07/30/2008, 00.00
INDIA
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Indian couple requests abortion for fetal heart defect

by Nirmala Carvalho
The country's law bans abortion after the 20th week. The fetus, now in the 25th week, has heart problems that would require the insertion of a pacemaker after birth, followed by regular operations to replace it. A firm "no" from the Church, which defends the absolute principle of the "right to life".

New Delhi (AsiaNews) - An Indian couple, with the support of their attending physician, have submitted a petition to proceed with the abortion of a fetus in its 25th week, even though the law of the country - the Medical Termination of Pregnancy Act - does not allow the interruption of pregnancy after the 20th week, unless "the life of the mother is in serious danger".

The parents, whose identity is being kept secret, appealed to the Indian supreme court after discovering that their child suffers from congenital heart problems. They are supported by a legal medical consultant, Dr Nikhil Datar, who opened the petition citing article 21 of the Constitution, in regard to the "fundamental right to life".

According to the opinion of the doctors, the heart problems would require an immediate emergency operation to insert a pacemaker, which lasts from four to five years. The child would therefore have to face at least five surgical operations, a prospect that seems to compromise his "normal existence". The doctors are also afraid of the risk of a spontaneous abortion. The woman, who was supported in her decision by her mother and her husband, says that she wants to abort because she "cannot afford the extraordinarily expensive treatment, which may or may not give results’’.

"This case was referred to me only after diagnosis of the heart problem", Dr Datar tells AsiaNews. "At 20 weeks a sonogram was done, their gynecologist realized there was something wrong with the heart sounds, and raised a suspicion and further investigations were carried out. By this time, the lady was already into 23 weeks of pregnancy. The couple was determined that they did not want to continue with the pregnancy so the gynecologist referred the couple to me, since I am a legal gynecologist professional and the law of the land states that a pregnancy cannot be terminated after 20 weeks of the formation of a fetus". According to the doctor, the couple intends to abort, and sought him out for his "professional expertise". Finally, he said he hopes the law that regulates the interruption of pregnancy will be changed to "take into consideration the needs and respect of every person". The position seems to admit, implicitly, that the decision whether to keep the child or not ultimately rests with the woman.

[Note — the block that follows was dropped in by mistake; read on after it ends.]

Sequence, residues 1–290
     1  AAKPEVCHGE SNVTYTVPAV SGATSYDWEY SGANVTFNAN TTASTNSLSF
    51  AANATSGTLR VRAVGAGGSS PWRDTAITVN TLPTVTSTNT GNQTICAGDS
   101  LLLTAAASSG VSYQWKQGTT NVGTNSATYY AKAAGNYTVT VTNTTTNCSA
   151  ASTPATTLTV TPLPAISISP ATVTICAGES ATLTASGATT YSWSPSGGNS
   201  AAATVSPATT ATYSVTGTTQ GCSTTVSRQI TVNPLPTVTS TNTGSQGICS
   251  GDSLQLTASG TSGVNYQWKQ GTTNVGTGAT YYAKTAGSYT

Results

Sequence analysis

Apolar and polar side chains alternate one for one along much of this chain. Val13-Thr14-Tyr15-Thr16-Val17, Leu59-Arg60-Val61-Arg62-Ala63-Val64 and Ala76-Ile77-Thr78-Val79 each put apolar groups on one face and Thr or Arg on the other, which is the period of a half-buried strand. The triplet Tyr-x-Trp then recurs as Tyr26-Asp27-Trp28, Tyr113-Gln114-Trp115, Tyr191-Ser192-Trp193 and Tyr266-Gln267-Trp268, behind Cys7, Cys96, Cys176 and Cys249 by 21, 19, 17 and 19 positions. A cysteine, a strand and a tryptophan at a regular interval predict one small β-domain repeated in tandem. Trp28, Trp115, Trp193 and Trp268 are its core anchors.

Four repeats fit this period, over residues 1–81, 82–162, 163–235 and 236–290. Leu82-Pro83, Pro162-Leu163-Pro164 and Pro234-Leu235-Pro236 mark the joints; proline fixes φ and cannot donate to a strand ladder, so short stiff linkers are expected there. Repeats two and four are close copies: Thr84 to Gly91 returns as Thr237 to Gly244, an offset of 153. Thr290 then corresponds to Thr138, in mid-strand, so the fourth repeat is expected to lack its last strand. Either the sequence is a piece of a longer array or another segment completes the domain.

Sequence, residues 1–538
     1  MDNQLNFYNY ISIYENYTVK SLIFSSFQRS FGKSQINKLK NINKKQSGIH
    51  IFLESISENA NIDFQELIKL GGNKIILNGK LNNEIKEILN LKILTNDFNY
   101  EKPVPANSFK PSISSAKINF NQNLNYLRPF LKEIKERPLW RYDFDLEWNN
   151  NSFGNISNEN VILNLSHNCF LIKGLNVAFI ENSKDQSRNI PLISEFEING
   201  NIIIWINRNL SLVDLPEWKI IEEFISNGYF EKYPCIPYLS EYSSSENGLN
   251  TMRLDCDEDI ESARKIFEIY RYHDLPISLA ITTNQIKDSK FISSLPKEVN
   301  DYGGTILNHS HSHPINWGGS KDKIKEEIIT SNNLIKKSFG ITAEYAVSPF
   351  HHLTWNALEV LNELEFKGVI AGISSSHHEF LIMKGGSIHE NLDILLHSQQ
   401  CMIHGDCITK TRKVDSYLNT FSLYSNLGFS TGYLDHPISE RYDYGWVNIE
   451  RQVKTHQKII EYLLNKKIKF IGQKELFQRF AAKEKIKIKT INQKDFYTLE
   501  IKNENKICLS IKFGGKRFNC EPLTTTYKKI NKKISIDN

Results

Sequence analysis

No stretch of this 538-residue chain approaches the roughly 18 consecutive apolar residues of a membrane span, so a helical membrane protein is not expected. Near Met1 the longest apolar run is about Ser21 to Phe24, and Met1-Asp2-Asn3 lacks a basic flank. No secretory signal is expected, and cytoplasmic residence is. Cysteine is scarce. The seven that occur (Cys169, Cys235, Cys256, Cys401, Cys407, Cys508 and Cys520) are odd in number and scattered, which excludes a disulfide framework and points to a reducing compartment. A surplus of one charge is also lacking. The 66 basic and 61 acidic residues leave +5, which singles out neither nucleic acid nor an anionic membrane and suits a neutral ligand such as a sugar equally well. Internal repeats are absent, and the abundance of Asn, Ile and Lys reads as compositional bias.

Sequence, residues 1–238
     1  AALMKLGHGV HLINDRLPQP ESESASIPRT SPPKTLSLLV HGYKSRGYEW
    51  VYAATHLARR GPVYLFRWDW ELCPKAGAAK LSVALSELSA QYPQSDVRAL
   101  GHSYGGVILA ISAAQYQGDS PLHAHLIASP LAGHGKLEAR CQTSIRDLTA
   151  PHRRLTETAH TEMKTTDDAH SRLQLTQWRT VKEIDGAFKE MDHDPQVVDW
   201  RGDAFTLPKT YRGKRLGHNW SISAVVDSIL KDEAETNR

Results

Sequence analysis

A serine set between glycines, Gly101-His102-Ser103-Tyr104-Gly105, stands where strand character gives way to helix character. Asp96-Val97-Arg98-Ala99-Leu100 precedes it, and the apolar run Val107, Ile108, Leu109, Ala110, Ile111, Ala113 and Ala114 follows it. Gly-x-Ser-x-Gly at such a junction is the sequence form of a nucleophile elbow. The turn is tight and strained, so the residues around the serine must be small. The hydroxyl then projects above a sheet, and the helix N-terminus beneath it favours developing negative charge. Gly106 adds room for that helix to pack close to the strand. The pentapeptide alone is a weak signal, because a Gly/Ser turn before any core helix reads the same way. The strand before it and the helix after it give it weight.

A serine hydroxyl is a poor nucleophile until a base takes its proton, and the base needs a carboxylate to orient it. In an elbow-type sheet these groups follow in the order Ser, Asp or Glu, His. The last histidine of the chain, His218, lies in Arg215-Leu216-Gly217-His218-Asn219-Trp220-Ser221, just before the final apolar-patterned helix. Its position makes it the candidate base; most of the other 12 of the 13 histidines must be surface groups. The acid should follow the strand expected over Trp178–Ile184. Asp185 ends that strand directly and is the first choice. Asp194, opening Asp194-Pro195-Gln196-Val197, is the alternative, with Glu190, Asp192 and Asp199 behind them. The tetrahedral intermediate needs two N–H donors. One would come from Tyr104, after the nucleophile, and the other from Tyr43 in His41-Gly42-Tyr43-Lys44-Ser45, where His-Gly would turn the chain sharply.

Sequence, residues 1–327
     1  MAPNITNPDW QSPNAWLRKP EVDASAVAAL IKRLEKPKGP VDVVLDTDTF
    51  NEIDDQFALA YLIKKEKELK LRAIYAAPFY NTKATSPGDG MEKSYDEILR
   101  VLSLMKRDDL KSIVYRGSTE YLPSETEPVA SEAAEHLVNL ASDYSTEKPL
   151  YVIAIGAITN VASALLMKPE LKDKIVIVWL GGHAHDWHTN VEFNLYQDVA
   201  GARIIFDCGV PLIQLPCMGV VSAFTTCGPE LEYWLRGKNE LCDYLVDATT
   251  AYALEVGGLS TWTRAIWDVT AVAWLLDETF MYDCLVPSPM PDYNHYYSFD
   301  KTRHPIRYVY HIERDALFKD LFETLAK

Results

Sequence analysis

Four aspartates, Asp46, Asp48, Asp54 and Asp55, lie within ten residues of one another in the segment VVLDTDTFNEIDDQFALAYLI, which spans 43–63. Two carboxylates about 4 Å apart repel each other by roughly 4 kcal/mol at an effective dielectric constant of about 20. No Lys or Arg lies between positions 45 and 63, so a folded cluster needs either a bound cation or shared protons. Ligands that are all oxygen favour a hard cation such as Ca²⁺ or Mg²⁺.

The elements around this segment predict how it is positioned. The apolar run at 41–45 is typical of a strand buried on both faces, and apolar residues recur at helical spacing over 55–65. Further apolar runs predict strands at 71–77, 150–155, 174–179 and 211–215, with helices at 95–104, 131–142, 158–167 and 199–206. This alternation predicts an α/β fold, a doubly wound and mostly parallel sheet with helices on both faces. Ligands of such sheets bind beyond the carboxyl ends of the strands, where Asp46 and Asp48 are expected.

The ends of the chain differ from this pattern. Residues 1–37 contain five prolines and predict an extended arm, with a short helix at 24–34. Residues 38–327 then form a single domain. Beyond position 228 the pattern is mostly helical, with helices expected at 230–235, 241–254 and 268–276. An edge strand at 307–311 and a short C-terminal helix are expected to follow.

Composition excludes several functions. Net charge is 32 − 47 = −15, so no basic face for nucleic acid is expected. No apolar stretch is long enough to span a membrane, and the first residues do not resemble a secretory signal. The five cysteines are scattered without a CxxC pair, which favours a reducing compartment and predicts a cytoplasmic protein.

The Indian Catholic Church has immediately spoken out, restating its opposition to abortion and defense of life in all its forms. "The right to life of the individual human being is a moral absolute", emphasizes Dr Pascoal Carvalho, a member of the pontifical academy for life. "This deep-seated relativism between the 'right to choose' and the 'right to life' has come to mean that moral questions will be settled in the spirit of consumer choice or personal whim". He quotes Pope John Paul II, according to whom "life is always good", and he foresees negative consequences for civil society if a practice is extended that permits "[killing] infants with congenital defects before they are born. History will compel us to regret this choice", Dr Carvalho concludes.

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